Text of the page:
PM2.5 refers to atmospheric particulate matter (PM) that has a diameter of less than 2.5 micrometers, which is about 0.03 the diameter of a human hair. Fine particulars can come from various sources, such as power plants, motor vehicles, residential wood/leaves burning, forest fire, volcanic eruptions, agricultural burning, and dust storms.
Particulars in this category are so small that they can only be detected with an electron microscope. Since they are so small and light, fine particles tend to stay longer in the air than heavier particles. This increases the chances of humans inhaling them into the bodies. Particles smaller than 2.5 micrometers are able to bypass the nose and throat and penetrate deep into the lungs and some may even enter the circulatory system.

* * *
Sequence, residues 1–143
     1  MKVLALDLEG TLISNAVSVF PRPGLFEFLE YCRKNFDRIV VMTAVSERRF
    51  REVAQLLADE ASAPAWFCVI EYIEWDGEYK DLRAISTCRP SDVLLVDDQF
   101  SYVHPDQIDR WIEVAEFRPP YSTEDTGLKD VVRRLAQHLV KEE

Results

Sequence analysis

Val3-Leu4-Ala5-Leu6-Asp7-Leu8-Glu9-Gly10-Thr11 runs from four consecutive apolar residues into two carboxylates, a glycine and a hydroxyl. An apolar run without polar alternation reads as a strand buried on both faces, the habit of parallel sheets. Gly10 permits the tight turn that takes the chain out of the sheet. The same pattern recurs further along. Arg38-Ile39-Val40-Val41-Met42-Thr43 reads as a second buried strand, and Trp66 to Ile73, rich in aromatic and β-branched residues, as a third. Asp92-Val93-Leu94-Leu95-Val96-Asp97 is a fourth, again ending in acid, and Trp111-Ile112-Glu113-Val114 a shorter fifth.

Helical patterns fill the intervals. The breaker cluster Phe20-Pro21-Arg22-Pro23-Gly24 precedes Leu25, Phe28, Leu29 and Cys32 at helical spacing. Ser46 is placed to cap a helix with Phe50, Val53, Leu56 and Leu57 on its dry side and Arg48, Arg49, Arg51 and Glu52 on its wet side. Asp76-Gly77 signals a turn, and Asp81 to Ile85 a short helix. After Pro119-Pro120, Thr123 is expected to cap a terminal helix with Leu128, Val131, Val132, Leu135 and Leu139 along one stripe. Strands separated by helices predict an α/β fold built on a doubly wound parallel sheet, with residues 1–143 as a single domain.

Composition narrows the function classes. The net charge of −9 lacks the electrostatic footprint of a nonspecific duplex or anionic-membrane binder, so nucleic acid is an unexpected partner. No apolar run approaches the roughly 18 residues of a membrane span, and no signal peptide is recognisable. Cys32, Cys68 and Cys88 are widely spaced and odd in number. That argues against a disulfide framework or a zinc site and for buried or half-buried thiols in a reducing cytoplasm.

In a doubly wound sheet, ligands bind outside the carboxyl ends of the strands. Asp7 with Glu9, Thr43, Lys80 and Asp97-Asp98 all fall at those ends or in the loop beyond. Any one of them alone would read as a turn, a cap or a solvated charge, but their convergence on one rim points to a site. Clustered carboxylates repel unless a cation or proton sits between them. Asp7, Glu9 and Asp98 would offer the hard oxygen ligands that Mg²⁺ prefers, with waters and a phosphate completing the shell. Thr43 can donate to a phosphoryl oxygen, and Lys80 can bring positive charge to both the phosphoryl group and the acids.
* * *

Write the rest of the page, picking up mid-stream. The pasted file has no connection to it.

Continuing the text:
Studies have found a close link between exposure to fine particles and premature death from heart and lung disease. Fine particles are also known to trigger or worsen chronic disease such as asthma, heart attack, bronchitis and other respiratory problems.
On a very clear and non-hazy day, the PM2.5 concentration can be as low as 5 μg/m3 or below. The 24-hour concentration of PM2.5 is considered unhealthy when it rises above 35 μg/m3.